1. People with religious beliefs, and associated behavior, consistently tend to have better lives. It seems that religious folks tend to be happier, live longer, smoke less, exercise more, earn more, get and stay married more, commit less crime, use less illegal drugs, have more social connections, donate and volunteer more, and have more kids. Yes, the correlation between religion and these good things is in part because good people tend to become more religious, but it is probably also in part because religions people tend to become better. So if you want to become good in these ways, an obvious strategy is to become more religious, which is helped by having more religious beliefs.
  2. Your far beliefs, such as on religion and politics, can’t effect your life much except via how they effect your behavior, and your associates’ opinions of you. When you think about cosmology, ancient Rome, the nature of world government, or starving folks in Africa, it might feel like those things matter to you. But in terms of the kinds of things that evolution could plausibly have built you to actually care about (vs. pretend to care about), those far things just can’t directly matter much to your life. While your beliefs about far things might influence how you act, and what other people think of you, their effects on your quality of life, via such channels of influence, don’t depend much on whether these beliefs are true.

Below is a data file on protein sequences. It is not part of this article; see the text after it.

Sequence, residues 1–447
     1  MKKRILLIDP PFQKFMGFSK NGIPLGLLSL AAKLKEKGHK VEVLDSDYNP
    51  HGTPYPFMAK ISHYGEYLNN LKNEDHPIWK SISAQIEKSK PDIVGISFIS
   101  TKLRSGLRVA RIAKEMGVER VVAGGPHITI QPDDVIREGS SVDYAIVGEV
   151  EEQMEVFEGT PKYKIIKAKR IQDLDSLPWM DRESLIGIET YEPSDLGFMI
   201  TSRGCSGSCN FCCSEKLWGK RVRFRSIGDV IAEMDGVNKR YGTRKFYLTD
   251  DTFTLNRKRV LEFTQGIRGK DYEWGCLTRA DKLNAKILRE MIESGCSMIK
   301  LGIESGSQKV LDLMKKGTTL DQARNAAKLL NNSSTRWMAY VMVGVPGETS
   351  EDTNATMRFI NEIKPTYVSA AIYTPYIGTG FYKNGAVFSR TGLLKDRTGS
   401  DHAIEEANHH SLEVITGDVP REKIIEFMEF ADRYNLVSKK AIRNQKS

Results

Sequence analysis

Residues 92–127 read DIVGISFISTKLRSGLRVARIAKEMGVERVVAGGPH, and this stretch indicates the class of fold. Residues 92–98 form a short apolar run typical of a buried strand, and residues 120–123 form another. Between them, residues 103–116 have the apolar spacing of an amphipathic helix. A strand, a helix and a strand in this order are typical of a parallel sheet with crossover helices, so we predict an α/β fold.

Perhaps, like me, you find religious beliefs about Gods, spirits, etc. to be insufficiently supported by evidence, coherence, or simplicity to be a likely approximation to the truth. Even so, ask yourself: why care so much about truth? Yes, you probably think you care about believing truth – but isn’t it more plausible that you mainly care about thinking you like truth? Doesn’t that have a more plausible evolutionary origin than actually caring about far truth?

Yes, there are near practical areas of your life where truth can matter a lot. But most religious people manage to partition their beliefs, so their religious beliefs don’t much pollute their practical beliefs. And this doesn’t even seem to require much effort on their part. Why not expect that you could do similarly?

Yes, it might seem hard to get yourself to believe things that seem implausible to you at the moment, but we humans have lots of well-used ways to get ourselves to believe things we want to believe. Are you willing to start trying those techniques on this topic?

Now, a few unusual people might have an unusually large influence on far topics, and to those people truth about far topics might plausibly matter more to their personal lives, and to things that evolution might plausibly have wanted them to directly care about. For example, if you were king of the world, maybe you’d reasonably care more about what happens to the world as a whole.

But really, what are the chances that you are actually such a person? And if not, why not try to be more religious?

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Is Conflict Inevitable?

Imagine you’ve been hiking in the wild for several days, with six others. Feelings are raw. Some think others aren’t carrying a fair load, some have been arguing politics, some are workplace rivals, and one has been having an affair with the spouse of another.